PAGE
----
It’s our wedding anniversary today, so in the interests of maintaining our solid run of four years, I’m going to keep this post brief.
To celebrate our anniversary I cooked Asian style braised beef short ribs tonight. I’ve been meaning to cook this cut for ages, and finally got round to it today. I’ll share the full recipe on Monday – but suffice it to say, after 7 hours in the slow cooker they were incredibly tender, sweet, and fatty in the best possible way.
I know it’s potentially controversial, but I often serve Asian stews with mashed potato. I’m that guy. I love a bit of coconut rice, or simple fried noodles and beansprouts with a spiced slow cooked muscle, but a creamy mash feels so much more decadent for a special occasion, and I’m ALL about decadence.
The recipe is a fairly rough guide, but follow the steps, use the techniques, and you should turn out super-smooth, super-creamy, super-tasty mash. Mashed potato is the base upon which a great meal can soar to ever-greater heights, or collapse into a lumpy, watery, under-seasoned mire. Let your meals soar, like a majestic potato-fed eagle (rather than hobbling round your plate like a mangey pigeon with one foot).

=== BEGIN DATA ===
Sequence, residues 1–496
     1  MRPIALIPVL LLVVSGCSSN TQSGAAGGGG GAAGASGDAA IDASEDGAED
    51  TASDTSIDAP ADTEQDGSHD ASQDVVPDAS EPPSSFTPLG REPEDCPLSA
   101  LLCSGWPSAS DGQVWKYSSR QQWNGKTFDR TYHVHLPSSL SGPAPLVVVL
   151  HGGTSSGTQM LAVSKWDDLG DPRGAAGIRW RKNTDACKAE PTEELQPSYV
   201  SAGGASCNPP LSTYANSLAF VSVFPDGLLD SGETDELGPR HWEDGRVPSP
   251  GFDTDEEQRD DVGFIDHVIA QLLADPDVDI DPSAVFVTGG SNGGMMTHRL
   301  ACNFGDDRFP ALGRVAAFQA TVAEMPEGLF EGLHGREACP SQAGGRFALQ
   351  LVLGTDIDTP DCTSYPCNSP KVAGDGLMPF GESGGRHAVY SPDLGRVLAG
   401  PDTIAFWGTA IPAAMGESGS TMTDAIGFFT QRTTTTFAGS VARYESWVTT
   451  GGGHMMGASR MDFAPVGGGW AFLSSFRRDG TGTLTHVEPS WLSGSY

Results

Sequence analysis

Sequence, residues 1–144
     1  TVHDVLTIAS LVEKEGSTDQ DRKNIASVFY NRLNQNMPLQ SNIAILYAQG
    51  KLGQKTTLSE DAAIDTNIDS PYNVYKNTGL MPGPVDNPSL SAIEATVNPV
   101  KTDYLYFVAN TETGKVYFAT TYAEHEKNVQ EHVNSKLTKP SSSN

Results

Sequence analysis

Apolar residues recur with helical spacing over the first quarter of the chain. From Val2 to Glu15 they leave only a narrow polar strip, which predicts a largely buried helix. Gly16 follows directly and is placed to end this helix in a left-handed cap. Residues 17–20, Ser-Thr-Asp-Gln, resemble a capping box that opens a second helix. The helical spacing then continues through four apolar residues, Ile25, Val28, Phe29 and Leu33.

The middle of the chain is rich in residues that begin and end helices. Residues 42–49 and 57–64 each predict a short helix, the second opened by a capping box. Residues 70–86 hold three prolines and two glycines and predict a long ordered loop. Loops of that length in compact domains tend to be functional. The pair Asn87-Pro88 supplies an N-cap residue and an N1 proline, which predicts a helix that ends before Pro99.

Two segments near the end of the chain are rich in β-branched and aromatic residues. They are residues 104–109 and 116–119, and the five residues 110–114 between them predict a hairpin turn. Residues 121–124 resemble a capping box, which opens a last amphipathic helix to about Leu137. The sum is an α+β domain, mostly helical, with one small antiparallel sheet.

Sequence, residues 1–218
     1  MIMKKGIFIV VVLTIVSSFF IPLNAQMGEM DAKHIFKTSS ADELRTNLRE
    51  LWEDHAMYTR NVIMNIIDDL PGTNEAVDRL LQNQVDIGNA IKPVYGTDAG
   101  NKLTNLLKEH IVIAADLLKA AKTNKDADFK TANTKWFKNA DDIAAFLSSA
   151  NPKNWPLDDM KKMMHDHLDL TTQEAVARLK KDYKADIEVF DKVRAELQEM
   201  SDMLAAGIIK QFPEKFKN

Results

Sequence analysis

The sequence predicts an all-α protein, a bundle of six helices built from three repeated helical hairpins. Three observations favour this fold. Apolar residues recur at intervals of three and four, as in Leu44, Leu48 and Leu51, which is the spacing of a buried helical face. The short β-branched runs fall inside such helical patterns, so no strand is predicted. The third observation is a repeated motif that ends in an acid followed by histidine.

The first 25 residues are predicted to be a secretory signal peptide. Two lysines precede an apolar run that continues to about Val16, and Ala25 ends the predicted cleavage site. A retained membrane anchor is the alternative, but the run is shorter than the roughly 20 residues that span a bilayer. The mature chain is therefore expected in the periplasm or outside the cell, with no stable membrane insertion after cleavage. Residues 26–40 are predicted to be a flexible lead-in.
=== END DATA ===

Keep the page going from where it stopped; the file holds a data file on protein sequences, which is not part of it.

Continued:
There are loads of ‘THE BEST MASH’ recipes floating about the corridors of the web, but this is the only one you need. It is simple, but elegant, and will hopefully change the way you mash forever. The real trick to a lump-free mash (without using a mouli) – taught to me by a lovely merchant naval cook I worked with as a student in an old folks’ home kitchen – is to whip the mash to within an inch of it’s life using a balloon whisk.
Have a go, I promise you will thank me when your meal sits atop a pillow of silky carbo-goodness!
Recipe (serves 2)
- 800g(ish) Potatoes (Maris Piper or Desiree are good options here)
- 400g butter (double for über decadent mash – James Martin goes 50:50!)
- 1.5 tsp sea salt
- glug garlic oil (optional)
- Peel and chop potatoes into small chunks, and boil in well salted water for 15-20 mins. You want them to be soft to the point of a knife. In my experience, it’s better to slightly overcook, than to undercook for mash.
- Drain potatoes, and then leave to steam dry in sieve for 2-3 minutes.
- Transfer potatoes to empty pan, and add butter, salt, and oil if using.
- Start mashing the potatoes using a masher, making sure to incorporate any lumps. Once a smooth consistency is achieved, use a large balloon whisk to whip into a luxurious puree. Really go at it, back and forth, hard as you like, until you achieve a texture so silky it should, by all rights, be made into a pair of boxers and inappropriately gifted to your father-in-law.
- Voila. It’s as simple as that. Now away and enjoy it!
(image from Wikimedia Commons)